Fresh reports about the massive amount of electronic data that the nation's spy agencies are collecting "raise profound questions about privacy" because of what they say about how such information will be collected in the future, NPR's Dina Temple-Raston said Friday on Morning Edition.

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Space
7:22 am
Fri June 7, 2013

Justin Bieber Aims For Outer Space

Transcript

LINDA WERTHEIMER, HOST:

Good morning, I'm Linda Wertheimer.

He has performed around the world for millions of screaming fans. Now, Justin Bieber is taking his talents off the planet. Bieber put a quarter-million dollar deposit on a seat on Virgin Galactic's spaceship. The singer wants to shoot a music video in space.

Astronaut Chris Hadfield already did that last month, singing David Bowie's "Space Oddity" on board the International Space Station.

It's MORNING EDITION. Transcript provided by NPR, Copyright NPR.

It's All Politics
7:03 am
Fri June 7, 2013

What Else Has The Longest-Serving Congressman Outlasted?

This photo provided by Rep. John Dingell's office shows Dingell (left) being sworn in by Speaker of the House Sam Rayburn of Texas in 1955.
AP

Originally published on Sat June 8, 2013 11:44 am

Rep. John Dingell made history on Friday, when he surpassed the late Sen. Robert Byrd's record to become the longest-serving member of Congress.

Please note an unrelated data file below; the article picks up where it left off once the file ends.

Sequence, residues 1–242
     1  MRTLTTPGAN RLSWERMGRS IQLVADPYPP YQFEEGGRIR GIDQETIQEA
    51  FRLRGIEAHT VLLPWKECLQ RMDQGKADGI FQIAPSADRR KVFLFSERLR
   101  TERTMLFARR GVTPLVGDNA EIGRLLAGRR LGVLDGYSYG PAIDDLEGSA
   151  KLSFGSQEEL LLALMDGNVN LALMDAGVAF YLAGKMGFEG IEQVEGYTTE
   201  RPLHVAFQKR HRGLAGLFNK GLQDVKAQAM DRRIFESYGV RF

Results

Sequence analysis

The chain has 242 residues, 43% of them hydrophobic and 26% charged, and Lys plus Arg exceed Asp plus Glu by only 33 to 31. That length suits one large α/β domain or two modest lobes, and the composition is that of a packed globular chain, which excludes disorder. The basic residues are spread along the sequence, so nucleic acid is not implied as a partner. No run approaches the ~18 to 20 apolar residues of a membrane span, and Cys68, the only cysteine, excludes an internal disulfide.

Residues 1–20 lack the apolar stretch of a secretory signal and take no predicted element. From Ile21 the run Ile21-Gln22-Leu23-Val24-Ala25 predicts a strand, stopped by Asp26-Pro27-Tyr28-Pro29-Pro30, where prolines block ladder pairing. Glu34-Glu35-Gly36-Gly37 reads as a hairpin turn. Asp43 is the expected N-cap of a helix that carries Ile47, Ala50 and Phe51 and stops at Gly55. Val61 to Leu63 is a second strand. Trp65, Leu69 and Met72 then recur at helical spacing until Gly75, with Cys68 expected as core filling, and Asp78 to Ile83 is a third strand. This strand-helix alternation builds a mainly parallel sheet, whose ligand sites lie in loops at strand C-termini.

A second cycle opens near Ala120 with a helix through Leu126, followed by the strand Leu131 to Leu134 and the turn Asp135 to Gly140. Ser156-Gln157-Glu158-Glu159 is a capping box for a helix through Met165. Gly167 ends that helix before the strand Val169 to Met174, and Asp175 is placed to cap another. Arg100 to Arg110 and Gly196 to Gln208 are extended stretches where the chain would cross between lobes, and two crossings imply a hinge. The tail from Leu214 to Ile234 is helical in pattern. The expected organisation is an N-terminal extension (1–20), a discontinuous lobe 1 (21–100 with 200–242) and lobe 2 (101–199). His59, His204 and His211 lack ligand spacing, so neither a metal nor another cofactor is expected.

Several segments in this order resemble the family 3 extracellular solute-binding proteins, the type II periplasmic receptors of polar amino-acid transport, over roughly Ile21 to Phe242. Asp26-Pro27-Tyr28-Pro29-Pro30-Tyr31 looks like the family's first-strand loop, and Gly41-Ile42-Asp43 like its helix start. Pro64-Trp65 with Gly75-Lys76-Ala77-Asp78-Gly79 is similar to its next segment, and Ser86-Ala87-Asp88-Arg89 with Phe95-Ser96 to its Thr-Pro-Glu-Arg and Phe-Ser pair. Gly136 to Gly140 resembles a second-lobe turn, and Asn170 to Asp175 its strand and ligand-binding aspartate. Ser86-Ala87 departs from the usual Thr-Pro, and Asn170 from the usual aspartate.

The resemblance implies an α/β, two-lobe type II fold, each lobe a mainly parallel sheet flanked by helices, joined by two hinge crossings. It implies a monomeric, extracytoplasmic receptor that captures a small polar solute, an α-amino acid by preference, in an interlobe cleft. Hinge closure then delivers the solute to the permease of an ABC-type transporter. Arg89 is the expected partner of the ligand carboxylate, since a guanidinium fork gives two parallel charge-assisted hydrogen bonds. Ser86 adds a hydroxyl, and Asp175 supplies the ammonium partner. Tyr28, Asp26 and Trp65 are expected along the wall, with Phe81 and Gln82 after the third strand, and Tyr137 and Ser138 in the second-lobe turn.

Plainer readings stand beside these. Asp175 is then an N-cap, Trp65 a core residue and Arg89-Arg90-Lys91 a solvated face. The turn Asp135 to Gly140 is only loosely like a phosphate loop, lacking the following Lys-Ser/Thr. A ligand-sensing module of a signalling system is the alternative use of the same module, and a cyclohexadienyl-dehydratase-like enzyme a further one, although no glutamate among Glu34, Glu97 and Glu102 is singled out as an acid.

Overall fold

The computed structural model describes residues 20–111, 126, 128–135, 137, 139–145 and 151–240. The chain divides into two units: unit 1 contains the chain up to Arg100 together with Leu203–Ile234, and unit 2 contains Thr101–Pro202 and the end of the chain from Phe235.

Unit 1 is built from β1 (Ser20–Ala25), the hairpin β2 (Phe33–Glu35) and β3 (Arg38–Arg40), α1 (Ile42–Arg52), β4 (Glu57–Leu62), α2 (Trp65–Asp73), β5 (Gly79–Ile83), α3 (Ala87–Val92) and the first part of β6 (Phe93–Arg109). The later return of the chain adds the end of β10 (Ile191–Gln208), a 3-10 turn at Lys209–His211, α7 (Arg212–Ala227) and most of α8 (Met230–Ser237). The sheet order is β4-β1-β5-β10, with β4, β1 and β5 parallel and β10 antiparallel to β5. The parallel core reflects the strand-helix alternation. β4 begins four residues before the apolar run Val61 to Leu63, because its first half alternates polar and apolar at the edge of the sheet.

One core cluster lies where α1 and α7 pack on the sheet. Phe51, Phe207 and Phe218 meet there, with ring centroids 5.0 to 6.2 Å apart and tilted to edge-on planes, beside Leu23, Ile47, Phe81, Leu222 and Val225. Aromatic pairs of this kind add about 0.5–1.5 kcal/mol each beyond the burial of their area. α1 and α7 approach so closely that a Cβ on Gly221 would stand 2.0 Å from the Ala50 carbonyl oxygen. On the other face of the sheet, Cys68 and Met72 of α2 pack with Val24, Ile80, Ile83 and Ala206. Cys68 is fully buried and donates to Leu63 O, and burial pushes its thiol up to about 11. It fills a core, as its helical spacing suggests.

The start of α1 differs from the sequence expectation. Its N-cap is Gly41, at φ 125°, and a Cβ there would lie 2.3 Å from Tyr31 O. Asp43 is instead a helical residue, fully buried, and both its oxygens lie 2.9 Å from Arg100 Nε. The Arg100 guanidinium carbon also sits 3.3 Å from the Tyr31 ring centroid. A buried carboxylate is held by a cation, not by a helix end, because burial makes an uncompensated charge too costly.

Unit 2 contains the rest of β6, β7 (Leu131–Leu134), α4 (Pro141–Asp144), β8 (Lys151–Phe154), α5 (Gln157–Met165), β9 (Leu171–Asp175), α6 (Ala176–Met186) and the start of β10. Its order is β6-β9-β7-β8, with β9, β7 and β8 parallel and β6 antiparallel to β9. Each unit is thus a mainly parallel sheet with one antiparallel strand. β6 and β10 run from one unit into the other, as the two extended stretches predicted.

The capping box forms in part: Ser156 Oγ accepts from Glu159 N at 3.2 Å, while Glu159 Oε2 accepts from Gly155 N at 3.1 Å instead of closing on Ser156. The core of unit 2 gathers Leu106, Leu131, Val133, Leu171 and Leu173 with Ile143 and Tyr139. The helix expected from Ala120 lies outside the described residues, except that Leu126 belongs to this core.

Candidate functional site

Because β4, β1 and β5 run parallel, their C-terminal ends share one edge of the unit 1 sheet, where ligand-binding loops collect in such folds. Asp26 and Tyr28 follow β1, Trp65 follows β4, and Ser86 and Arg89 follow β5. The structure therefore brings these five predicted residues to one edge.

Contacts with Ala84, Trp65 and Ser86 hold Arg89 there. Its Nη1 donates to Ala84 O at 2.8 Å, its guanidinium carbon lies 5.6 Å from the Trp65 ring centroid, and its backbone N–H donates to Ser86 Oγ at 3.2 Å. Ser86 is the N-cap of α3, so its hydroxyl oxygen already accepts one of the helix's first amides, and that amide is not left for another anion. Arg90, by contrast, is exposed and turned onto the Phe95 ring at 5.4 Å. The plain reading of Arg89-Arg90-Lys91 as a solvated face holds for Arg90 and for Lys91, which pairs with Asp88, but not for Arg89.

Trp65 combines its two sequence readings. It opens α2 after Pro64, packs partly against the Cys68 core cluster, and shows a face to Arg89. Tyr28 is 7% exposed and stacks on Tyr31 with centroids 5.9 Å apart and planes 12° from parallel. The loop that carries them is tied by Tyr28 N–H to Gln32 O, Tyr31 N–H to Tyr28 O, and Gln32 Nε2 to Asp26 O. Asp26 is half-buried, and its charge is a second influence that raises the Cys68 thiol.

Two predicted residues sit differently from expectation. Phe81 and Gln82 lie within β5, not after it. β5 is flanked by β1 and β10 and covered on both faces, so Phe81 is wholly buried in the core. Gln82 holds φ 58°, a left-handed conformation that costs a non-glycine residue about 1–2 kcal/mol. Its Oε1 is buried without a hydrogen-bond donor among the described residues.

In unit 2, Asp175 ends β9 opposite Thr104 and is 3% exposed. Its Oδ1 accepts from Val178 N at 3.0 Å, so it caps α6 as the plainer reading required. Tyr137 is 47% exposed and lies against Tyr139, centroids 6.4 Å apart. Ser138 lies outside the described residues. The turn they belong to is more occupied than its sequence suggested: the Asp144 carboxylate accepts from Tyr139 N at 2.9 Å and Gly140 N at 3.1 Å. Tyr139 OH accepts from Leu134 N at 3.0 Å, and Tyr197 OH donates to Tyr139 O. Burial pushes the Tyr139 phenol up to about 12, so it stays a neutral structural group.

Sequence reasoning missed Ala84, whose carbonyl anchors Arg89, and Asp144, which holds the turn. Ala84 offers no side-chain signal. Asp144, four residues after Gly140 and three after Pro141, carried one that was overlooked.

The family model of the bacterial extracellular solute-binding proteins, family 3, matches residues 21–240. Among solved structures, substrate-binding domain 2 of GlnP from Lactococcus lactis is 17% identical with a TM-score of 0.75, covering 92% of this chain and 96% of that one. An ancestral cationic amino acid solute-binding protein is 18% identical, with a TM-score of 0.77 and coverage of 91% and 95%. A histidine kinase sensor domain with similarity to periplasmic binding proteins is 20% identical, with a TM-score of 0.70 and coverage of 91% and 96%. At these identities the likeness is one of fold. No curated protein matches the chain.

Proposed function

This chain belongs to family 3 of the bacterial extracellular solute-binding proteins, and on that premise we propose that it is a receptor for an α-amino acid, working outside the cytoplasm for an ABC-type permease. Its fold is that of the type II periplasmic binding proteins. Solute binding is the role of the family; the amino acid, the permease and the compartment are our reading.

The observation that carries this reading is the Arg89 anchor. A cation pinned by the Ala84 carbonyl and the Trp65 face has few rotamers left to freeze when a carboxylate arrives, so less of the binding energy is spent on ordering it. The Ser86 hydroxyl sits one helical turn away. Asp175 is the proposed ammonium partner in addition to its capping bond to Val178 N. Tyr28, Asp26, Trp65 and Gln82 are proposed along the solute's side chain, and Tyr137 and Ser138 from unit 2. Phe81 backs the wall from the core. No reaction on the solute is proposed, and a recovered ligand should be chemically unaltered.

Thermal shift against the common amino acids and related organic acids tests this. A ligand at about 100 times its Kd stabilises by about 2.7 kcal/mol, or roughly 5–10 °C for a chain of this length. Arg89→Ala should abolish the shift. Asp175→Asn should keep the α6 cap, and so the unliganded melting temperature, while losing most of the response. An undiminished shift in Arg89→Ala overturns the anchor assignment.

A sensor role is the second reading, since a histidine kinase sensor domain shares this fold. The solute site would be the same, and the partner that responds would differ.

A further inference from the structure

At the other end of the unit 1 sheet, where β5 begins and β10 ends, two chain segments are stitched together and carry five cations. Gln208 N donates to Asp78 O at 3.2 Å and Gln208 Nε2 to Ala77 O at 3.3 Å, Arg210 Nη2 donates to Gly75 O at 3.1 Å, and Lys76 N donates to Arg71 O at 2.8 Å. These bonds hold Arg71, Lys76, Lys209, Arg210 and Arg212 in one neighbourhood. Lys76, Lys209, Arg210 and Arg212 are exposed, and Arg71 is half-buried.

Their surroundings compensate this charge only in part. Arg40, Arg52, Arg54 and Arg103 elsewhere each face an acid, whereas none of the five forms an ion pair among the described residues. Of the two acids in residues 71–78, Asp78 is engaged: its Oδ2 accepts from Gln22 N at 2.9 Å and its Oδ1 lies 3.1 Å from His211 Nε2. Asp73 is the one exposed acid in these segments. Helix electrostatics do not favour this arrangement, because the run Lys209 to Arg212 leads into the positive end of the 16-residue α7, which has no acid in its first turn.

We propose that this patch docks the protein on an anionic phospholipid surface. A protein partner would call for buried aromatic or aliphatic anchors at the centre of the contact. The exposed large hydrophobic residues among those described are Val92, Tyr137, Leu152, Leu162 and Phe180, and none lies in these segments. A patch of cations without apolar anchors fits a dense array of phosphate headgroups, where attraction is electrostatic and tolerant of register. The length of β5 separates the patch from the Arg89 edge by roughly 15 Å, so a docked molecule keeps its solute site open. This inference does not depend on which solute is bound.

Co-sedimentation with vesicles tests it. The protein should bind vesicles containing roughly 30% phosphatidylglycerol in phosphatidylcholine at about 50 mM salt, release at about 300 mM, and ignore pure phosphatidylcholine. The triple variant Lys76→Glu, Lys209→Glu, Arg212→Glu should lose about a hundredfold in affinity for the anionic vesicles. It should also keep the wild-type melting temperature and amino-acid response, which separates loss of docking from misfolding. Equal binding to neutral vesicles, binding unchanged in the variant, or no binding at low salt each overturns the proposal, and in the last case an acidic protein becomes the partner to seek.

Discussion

The Michigan Democrat was first elected to the House of Representatives in December 1955, during the first Eisenhower administration. As of Friday, he's served 57 years, five months and 26 days.

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Law
6:12 am
Fri June 7, 2013

The History Behind America's Most Secretive Court

The secret Foreign Intelligence Surveillance Court resides in this courthouse in Washington, D.C.
Cliff Owen AP

Originally published on Fri June 7, 2013 10:52 am

This week The Guardian newspaper shared with its readers a document that few people ever get to see — an order from the Foreign Intelligence Surveillance Court telling Verizon to share countless phone records with the National Security Agency. The White House would not confirm the existence of this surveillance effort, but it insisted Congress is fully briefed about such activities. Members of Congress confirmed that they knew.